Time to Put the Heat on the Fed and FDIC to Fix Lousy Governance at TBTF Banks

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Adam Levitin makes a sensible recommendation in a new post:

…what’s at stake in the corporate governance of a too-big-to-fail bank like JPMorgan Chase is not just the share price, but also the public fisc. There is a strong federal regulatory interest in having good governance at too-big-to-fail banks because of our explicit (FDIC) and implicit (bailout) insurance of too-big-to-fail banks. This suggests that federal bank regulators and Congress should be pushing to ensure that too-big-to-fail banks conform with best practices in corporate governance. To the extent good governance at a too-big-to-fail bank includes division of the CEO and Chairman positions, ensuring such a division should be on the regulatory agenda. Financial regulation may need to include governance regulation…

If the shareholder reform mechanism is hopelessly broken–if management entrenchment techniques have simply become too powerful for proxy fights and other modes of shareholder expression to work–then it may be up to the regulatory process to fix the problem. Put another way, if management’s victory in Delaware corporate law is too complete, the only avenue open for reform is through federal legislation or regulation. Management’s sucess in Delaware might have the hydraulic effect of forcing reform of corporate law on the federal stage. (See here for Roe’s discussion of the dynamics of the state-federal competition.) This sort of change has not happened yet, of course, but the case of too-big-to-fail banks presents a special case where the dynamics could potentially be different….

Regulating for governance in too-big-to-fail banks would be a real change in bank regulation as practiced, but the seeds already exist in the current bank regulatory framework: the bank chartering process already requires certain qualifications for officers and directors. Perhaps its time to take the historical bank regulatory framework seriously, not just in terms of governance regulation, but in other aspects as well, such as the social purpose of granting limited purpose private banking charters.

Now of course, it’s easy for cynics to say that our current scaredy-cat regulators would never dare rough up big bag Jamie Dimon. But look at this another way: pressing on the governance front is less intimidating to regulators than tangling with armies of bank lobbyists who present unending arguments about how making the world safer in finance would do horrible things like reduce lending or liquidity (as if anyone but speculators benefits from our current hyper-liquid markets; we hit the point of diminishing to negative returns long ago) or “innovation”. The banks and their minions are expert at moving the conversation into technical terrain where the banks have an information advantage and cowing officials with that. By contrast, the standards for good corporate governance are simple and widely accepted. There’s not a lot of room for debate.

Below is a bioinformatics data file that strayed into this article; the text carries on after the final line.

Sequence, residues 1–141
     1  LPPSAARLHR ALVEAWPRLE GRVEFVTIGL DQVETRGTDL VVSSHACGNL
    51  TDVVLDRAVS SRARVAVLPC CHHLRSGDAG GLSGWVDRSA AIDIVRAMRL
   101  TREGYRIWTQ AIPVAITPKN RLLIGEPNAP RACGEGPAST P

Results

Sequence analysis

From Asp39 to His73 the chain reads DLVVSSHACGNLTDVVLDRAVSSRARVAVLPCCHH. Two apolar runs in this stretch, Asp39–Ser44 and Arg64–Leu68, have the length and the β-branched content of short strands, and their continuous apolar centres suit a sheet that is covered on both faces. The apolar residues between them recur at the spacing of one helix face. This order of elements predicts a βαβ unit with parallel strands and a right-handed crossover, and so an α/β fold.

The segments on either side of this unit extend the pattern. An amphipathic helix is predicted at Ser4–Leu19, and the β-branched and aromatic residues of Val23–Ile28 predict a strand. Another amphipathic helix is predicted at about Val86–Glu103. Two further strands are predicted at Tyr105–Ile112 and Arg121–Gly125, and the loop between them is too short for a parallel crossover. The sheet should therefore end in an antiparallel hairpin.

Moreover, as Levitin suggests, this fixation on shareholder value is a recent phenomenon, and really took off in the 1990s to justify CEOs fixating on their own bottom lines as they received more equity-linked pay. It’s an aberration because equity is both legally a very weak and ambiguous promise (you get dividends when the company is sufficiently profitable and management decides to pay them, and a vote that management can dilute by issuing more shares) and a residual claim. It’s the value that’s left after everyone else has been satisfied. But paid to take the new definition of executive responsibilities to heart, CEOs have taken to screwing their various other constituents, as well as taking on more and more risk, to goose short-term profits.

It’s not hard to imagine the “tough on banks” Congressmen like Elizabeth Warren and Sherrod Brown grilling regulators on why they aren’t making banks adhere to good management practices. It should be inexcusable for the CEO of a TBTF bank not to have a succession plan. Dimon’s refusal to get serious about it looks to be a way to assure he can blackmail the bank and stymie demands for changes in how he runs JP Morgan.

And remember, the purpose of having Congressmen pressure regulators (and hopefully having the media take it up) is not so much that any of these particular ideas are likely to come to fruition. It is to create a climate where regulators feel they have public support for getting tougher with banks. As much as that might seem obvious from polls, the banks do a great job of organizing allies to flood regulators with support for their pet wishes during public comment periods on pending regulations. And the trade press is pro-industry. So from the regulators’ perspective, they see a lot of pressure to do what the banks want and seldom find much in the way of objections. So changing that dynamic is key to chipping away at the influence of banks. In keeping, the more experts can find new fronts that can be opened up against the systemically dangerous financial firms, the better.